United Nations, Nov. 7 (Reuters): A UN tradition of seeking broad international consensus in the drafting of treaties has set back a Bush administration campaign for a global ban on medical research on stem cells.
Washington, with backing from the US anti-abortion movement, tried to push a resolution through a UN committee yesterday for the drafting of a treaty that would ban both the cloning of human beings and so-called “therapeutic” cloning, in which human cells are cloned for medical research.
Cloning research relies on embryo cells, or stem cells, because they can grow into all cells and tissues in the body.
While there is virtually universal support at the UN for a treaty banning human cloning, the international community is deeply divided over therapeutic cloning.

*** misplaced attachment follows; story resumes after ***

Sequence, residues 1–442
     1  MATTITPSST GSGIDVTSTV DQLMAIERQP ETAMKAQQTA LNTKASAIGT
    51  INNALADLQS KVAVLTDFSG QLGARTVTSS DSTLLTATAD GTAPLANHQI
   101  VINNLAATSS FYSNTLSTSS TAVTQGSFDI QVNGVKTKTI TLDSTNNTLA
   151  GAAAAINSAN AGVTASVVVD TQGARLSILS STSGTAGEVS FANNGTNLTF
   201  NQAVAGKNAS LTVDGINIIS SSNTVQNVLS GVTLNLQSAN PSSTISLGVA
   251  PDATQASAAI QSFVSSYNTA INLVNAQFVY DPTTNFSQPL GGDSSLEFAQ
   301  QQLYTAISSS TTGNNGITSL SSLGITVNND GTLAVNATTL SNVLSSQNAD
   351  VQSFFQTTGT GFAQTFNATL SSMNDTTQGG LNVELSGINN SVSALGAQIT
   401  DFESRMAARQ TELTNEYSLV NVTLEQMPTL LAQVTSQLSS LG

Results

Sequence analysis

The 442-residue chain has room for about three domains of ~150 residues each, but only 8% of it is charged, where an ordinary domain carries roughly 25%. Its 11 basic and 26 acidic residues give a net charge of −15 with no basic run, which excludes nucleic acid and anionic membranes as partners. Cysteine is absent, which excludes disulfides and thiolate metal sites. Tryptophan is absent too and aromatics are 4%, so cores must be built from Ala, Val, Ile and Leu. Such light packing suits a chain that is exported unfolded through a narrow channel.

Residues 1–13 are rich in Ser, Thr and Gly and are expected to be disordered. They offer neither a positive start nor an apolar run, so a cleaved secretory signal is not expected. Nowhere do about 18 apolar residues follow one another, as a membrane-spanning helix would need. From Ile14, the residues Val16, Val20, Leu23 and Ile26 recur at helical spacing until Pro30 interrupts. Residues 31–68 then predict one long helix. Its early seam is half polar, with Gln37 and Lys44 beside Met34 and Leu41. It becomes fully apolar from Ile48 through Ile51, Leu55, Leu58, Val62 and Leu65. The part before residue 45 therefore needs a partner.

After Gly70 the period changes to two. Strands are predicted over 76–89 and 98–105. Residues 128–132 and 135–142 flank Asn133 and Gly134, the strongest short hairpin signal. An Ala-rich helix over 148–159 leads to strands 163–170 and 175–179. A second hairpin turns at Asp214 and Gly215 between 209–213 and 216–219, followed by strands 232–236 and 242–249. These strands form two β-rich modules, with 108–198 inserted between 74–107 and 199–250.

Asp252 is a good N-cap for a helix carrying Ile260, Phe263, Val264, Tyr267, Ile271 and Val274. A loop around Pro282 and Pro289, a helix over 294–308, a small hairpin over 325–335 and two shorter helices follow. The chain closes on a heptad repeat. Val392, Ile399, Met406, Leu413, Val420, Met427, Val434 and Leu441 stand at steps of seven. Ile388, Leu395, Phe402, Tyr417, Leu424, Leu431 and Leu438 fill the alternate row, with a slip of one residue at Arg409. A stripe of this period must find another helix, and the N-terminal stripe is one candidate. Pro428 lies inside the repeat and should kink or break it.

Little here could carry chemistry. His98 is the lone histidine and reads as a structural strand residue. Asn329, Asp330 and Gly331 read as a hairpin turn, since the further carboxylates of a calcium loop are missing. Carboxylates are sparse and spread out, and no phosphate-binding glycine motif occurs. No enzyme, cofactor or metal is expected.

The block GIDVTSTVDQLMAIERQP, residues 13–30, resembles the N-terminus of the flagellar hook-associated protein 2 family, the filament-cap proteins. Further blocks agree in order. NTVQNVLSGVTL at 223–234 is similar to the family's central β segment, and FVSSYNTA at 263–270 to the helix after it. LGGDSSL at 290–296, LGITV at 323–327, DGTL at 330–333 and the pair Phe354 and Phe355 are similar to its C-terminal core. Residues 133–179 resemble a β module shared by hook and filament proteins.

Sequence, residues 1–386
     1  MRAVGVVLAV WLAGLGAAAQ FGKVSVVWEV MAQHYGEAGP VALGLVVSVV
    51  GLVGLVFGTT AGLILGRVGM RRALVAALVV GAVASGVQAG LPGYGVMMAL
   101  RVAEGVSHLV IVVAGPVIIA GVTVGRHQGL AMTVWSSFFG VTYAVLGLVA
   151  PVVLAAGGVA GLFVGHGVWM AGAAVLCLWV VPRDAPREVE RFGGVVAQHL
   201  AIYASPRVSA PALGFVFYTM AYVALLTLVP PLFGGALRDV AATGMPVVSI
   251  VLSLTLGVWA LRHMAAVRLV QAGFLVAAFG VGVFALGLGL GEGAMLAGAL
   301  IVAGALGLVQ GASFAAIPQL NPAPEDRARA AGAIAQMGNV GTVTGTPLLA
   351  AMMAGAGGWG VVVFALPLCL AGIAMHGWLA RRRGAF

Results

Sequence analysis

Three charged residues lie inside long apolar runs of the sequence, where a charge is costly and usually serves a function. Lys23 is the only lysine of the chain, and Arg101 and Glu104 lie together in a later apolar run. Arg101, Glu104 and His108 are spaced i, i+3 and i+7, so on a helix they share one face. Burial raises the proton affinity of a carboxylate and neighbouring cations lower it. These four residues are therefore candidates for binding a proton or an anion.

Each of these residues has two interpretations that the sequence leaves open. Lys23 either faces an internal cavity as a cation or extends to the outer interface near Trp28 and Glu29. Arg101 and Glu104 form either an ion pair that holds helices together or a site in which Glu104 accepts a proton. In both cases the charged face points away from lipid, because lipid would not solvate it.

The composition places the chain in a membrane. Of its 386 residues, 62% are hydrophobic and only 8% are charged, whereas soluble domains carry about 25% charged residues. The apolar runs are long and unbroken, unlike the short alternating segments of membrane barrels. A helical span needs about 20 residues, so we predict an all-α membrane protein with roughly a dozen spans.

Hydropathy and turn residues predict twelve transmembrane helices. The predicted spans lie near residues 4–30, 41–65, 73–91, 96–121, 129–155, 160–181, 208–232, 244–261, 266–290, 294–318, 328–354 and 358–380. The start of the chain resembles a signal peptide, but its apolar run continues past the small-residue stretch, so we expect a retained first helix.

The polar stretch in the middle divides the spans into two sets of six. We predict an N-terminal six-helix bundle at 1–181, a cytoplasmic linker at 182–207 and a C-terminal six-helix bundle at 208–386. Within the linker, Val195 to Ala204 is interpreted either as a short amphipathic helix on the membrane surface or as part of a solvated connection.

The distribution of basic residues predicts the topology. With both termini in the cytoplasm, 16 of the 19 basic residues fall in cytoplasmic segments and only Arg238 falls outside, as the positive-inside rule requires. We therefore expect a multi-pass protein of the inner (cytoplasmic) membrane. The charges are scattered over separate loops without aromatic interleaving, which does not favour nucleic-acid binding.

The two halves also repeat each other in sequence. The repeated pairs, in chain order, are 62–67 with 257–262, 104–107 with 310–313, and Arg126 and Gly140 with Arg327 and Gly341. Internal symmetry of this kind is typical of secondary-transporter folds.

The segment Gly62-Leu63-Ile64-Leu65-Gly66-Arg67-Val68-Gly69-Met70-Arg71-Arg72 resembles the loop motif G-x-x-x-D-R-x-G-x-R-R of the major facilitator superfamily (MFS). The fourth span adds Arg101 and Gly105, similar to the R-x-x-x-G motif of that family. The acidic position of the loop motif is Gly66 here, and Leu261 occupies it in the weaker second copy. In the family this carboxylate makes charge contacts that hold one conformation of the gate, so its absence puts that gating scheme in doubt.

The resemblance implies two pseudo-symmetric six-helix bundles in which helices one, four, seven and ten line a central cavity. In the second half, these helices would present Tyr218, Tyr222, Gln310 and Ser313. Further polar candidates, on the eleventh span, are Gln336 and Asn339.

Scientists see it as a promising avenue in the battle against disease while anti-abortion activists and many Catholics see it as the taking of human lives.
Nigerian envoy Felix Awanbor said his country hoped for a ban on stem cell studies for fear African women were “most likely to be at risk as easy targets to source the billions of embryos required for scientific experimentation on this issue.”